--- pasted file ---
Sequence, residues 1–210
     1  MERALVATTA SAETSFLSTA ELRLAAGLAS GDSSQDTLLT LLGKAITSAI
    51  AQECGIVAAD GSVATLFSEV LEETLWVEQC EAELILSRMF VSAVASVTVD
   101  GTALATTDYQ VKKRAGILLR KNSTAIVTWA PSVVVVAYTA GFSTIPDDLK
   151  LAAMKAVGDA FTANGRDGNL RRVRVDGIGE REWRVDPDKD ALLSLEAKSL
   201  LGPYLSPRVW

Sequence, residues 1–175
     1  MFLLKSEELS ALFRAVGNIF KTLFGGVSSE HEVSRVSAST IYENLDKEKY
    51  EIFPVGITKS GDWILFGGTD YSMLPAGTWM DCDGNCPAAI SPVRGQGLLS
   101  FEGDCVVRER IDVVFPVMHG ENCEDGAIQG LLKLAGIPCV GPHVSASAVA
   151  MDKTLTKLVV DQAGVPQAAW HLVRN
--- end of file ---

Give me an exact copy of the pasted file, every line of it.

Sequence, residues 1–210
     1  MERALVATTA SAETSFLSTA ELRLAAGLAS GDSSQDTLLT LLGKAITSAI
    51  AQECGIVAAD GSVATLFSEV LEETLWVEQC EAELILSRMF VSAVASVTVD
   101  GTALATTDYQ VKKRAGILLR KNSTAIVTWA PSVVVVAYTA GFSTIPDDLK
   151  LAAMKAVGDA FTANGRDGNL RRVRVDGIGE REWRVDPDKD ALLSLEAKSL
   201  LGPYLSPRVW

Sequence, residues 1–175
     1  MFLLKSEELS ALFRAVGNIF KTLFGGVSSE HEVSRVSAST IYENLDKEKY
    51  EIFPVGITKS GDWILFGGTD YSMLPAGTWM DCDGNCPAAI SPVRGQGLLS
   101  FEGDCVVRER IDVVFPVMHG ENCEDGAIQG LLKLAGIPCV GPHVSASAVA
   151  MDKTLTKLVV DQAGVPQAAW HLVRN